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dc.contributor.authorBax, Sander-
dc.identifier.citationWerkwinkel vol. 7(1), 2012, pp. 33-60pl_PL
dc.description.abstractHarry Mulisch’s Criminal Case 40/61 is often regarded as an early representative of the movement of New Journalism and as an example for what we nowadays call ‘literary non-fiction.’ In this essay, I will argue that this classification does not do justice to the complexity of the literary experiments that Mulisch is trying out in this text. In Criminal Case 40/61 Mulisch develops a highly personal and literary way to write about Adolf Eichmann. A problem as complex as the essence of evil, he claims, can not be comprehended with the methods of journalism and history only, the Eichmann enigma calls for a new language. I will outline a number of techniques Mulisch used to achieve this goal. In this text, Mulisch uses an autofictional construction as well as a metaphorical way of thinking and writing that transgresses the journalistic or historicist mimetic-referential and discursive ways of writing. Central to Mulisch’s literary method are two principles: that of the invention of language and images and that of radical identification.pl_PL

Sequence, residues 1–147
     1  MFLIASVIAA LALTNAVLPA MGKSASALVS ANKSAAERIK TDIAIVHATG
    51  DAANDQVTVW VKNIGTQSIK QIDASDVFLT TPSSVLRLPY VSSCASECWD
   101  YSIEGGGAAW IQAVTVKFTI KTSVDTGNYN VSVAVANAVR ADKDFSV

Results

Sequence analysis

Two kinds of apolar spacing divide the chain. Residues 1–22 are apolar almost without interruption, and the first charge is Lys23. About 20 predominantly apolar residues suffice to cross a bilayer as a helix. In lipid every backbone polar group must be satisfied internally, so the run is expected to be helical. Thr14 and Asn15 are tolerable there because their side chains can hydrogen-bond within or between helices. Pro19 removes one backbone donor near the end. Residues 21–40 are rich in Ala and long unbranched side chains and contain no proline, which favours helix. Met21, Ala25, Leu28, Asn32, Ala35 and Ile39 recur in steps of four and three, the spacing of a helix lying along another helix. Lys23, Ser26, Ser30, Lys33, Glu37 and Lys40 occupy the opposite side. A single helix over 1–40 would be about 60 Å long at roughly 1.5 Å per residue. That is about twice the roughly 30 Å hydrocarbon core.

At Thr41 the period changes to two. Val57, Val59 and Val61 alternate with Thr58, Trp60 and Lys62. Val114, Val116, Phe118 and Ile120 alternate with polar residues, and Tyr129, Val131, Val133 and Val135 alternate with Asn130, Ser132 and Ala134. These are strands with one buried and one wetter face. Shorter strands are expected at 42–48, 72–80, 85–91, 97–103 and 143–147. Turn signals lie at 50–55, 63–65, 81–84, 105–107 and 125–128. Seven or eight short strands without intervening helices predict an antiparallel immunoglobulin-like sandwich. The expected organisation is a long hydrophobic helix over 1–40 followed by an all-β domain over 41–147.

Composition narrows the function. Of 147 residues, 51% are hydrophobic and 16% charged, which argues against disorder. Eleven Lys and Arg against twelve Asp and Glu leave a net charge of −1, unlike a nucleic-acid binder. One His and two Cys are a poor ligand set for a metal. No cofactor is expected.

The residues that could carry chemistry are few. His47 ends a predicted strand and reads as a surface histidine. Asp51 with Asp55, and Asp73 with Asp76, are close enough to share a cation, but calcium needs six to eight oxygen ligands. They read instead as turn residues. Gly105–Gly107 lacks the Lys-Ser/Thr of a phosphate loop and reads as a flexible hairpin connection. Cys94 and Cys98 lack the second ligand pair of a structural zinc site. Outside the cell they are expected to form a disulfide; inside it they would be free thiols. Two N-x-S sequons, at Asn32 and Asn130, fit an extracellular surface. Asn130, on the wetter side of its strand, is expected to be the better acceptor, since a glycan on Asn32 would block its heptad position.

dc.publisherDepartment of Dutch and South African Studies, Faculty of Englishpl_PL
dc.subjectliterary non-fictionpl_PL
dc.subjectNew Journalismpl_PL
dc.subjectHarry Mulischpl_PL
dc.subjectAdolf Eichmannpl_PL
dc.title“The loneliest spot on Earth”: Harry Mulisch’s Literary Experiment in Criminal Case 40/61pl_PL
Appears in Collections:Werkwinkel, 2012, vol. 7(1)

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